Has WeWork killed the Dress Code?

After working with an American and an Australian company in the nineties, I became an entrepreneur in 2003. Free at last, I thought. Amongst other things, I also felt free from the ‘tie and suit’ regime, something which I did not feel ‘at home with’. Over the last 5-7 years, I have seen much of the ‘formality’ in work-wear disappear. As a generation of workers, who grew up seeing ‘start-up- heroes’ dressed in hoodies, take charge; dressing formally like a CEO is ‘Oh so 2005!’ Is it a co-incidence that the growth of co-working spaces like WeWork has seen a parallel rise in casual work wear? Perhaps not.

While a majority of workers still do not work from co-working spaces, but the impact of co-working habits on the broader workspace is tremendous. The co-working environments have broken down many workplace norms, from hierarchy to formality in work wear. In my practice as a workplace strategist, I come across organisations that want to mimic these environments at their corporate workplaces. Besides other advantages, it helps them attract talent, say some. WeWork and their hundred other counterparts are influencing what corporate workers wear and do.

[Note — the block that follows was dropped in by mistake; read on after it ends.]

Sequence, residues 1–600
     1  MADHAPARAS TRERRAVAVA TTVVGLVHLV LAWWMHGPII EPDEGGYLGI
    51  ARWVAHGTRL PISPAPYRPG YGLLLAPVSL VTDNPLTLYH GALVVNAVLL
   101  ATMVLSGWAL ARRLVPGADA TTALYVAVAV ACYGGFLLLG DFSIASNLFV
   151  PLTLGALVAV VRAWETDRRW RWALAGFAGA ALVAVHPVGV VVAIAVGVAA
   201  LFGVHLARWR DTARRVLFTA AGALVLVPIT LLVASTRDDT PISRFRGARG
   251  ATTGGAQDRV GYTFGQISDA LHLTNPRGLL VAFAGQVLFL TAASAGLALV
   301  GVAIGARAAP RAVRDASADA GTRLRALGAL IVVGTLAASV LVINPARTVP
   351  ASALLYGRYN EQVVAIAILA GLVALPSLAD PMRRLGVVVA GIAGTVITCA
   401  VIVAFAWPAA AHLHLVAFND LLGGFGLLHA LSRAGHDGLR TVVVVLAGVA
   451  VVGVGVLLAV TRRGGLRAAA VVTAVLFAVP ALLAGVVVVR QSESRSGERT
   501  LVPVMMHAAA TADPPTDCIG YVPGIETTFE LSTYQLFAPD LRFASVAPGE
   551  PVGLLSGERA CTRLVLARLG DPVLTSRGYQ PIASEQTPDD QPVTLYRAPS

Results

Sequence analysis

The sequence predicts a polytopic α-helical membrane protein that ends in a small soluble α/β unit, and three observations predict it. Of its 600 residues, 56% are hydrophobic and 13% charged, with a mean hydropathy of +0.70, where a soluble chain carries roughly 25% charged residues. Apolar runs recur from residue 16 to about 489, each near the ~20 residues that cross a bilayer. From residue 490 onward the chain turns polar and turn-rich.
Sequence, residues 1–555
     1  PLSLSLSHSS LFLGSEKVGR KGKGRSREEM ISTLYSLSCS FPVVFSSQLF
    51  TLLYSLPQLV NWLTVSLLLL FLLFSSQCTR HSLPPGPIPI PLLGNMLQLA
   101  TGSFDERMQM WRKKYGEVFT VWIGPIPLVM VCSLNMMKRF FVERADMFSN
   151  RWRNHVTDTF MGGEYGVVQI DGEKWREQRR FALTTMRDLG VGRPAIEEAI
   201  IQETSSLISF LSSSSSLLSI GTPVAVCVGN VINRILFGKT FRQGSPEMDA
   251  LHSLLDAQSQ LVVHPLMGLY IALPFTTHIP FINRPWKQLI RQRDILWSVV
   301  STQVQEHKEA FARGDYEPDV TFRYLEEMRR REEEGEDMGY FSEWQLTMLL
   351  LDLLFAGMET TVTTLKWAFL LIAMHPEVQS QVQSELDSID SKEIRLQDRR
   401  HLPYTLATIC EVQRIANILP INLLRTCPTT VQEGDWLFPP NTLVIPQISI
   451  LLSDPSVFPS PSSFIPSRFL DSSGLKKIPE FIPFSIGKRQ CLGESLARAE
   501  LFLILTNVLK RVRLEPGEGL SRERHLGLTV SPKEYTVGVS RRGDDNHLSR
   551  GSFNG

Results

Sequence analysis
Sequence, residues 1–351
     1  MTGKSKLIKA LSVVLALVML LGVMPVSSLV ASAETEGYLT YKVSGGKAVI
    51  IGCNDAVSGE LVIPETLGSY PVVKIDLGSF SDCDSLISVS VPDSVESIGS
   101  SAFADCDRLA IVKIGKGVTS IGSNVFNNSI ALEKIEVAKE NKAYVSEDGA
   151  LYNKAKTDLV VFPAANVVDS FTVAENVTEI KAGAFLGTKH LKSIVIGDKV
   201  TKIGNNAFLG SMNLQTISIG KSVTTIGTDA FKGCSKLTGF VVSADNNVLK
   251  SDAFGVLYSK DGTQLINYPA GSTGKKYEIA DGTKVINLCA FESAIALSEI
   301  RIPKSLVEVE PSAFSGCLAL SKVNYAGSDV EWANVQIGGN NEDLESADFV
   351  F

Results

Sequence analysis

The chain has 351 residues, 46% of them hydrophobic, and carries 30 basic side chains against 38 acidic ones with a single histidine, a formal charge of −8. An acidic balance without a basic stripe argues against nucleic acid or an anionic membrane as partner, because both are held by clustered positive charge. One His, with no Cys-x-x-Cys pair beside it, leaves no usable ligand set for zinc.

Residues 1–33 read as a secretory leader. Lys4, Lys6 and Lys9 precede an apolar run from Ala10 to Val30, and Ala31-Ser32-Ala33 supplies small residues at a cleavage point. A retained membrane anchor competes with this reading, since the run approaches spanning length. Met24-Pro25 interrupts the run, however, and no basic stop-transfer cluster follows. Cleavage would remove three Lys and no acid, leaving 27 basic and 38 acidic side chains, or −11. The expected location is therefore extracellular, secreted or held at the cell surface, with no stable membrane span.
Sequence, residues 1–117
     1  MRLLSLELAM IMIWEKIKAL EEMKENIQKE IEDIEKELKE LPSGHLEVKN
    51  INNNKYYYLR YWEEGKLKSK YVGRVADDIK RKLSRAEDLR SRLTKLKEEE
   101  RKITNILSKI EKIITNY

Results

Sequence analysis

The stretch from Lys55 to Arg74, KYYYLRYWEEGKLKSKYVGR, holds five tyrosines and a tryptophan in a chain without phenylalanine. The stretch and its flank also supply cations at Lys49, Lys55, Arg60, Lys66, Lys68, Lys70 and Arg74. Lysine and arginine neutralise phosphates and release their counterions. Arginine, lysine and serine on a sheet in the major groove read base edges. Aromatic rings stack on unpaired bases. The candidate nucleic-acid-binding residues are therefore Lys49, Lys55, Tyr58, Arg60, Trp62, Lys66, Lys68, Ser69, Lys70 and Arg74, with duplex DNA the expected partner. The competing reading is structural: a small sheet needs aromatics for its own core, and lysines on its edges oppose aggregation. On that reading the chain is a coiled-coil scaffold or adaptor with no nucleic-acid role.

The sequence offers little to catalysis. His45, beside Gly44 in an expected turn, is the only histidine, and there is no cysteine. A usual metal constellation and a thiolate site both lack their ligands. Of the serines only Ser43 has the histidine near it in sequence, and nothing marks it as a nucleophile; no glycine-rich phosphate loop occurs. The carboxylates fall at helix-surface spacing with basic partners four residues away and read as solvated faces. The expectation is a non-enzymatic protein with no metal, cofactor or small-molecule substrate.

However it is not always about dressing casually; but the ability and confidence to wear what you want; to express oneself. For millennials and Gen Z, raised on the ideals of authenticity, individuality, and the right to self-expression, personal style is like a fundamental right. Recently I caught up with much travelled American millennial Brittnee Bond for a tete-a-tete, and she was dressed in a Saree!

Others I spoke to compared dress code akin to being forced to go to a costume party. Some feels a dress code gives them an identity crisis. On the other hand, there are senior members in organisations who are trying to adapt to the new work wear. Some of them are struggling with it. The reverse is also true. In a rush to adopt the co-working style in workplaces, some organisations are ‘doing things’ to their people, in an effort to fit-in. Everyone may not fit-in well in the new look; one needs to tread carefully.

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